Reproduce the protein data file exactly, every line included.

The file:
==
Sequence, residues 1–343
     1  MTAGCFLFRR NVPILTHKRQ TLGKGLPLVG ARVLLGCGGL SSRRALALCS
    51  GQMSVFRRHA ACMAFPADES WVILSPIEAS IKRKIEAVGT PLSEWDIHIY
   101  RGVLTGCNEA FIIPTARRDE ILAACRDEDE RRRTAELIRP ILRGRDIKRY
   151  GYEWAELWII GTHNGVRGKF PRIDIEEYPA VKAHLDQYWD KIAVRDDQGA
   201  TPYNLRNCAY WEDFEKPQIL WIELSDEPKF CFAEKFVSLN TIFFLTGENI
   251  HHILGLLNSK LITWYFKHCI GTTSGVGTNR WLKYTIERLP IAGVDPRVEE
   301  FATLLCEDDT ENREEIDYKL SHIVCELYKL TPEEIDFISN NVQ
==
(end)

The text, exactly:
Sequence, residues 1–343
     1  MTAGCFLFRR NVPILTHKRQ TLGKGLPLVG ARVLLGCGGL SSRRALALCS
    51  GQMSVFRRHA ACMAFPADES WVILSPIEAS IKRKIEAVGT PLSEWDIHIY
   101  RGVLTGCNEA FIIPTARRDE ILAACRDEDE RRRTAELIRP ILRGRDIKRY
   151  GYEWAELWII GTHNGVRGKF PRIDIEEYPA VKAHLDQYWD KIAVRDDQGA
   201  TPYNLRNCAY WEDFEKPQIL WIELSDEPKF CFAEKFVSLN TIFFLTGENI
   251  HHILGLLNSK LITWYFKHCI GTTSGVGTNR WLKYTIERLP IAGVDPRVEE
   301  FATLLCEDDT ENREEIDYKL SHIVCELYKL TPEEIDFISN NVQ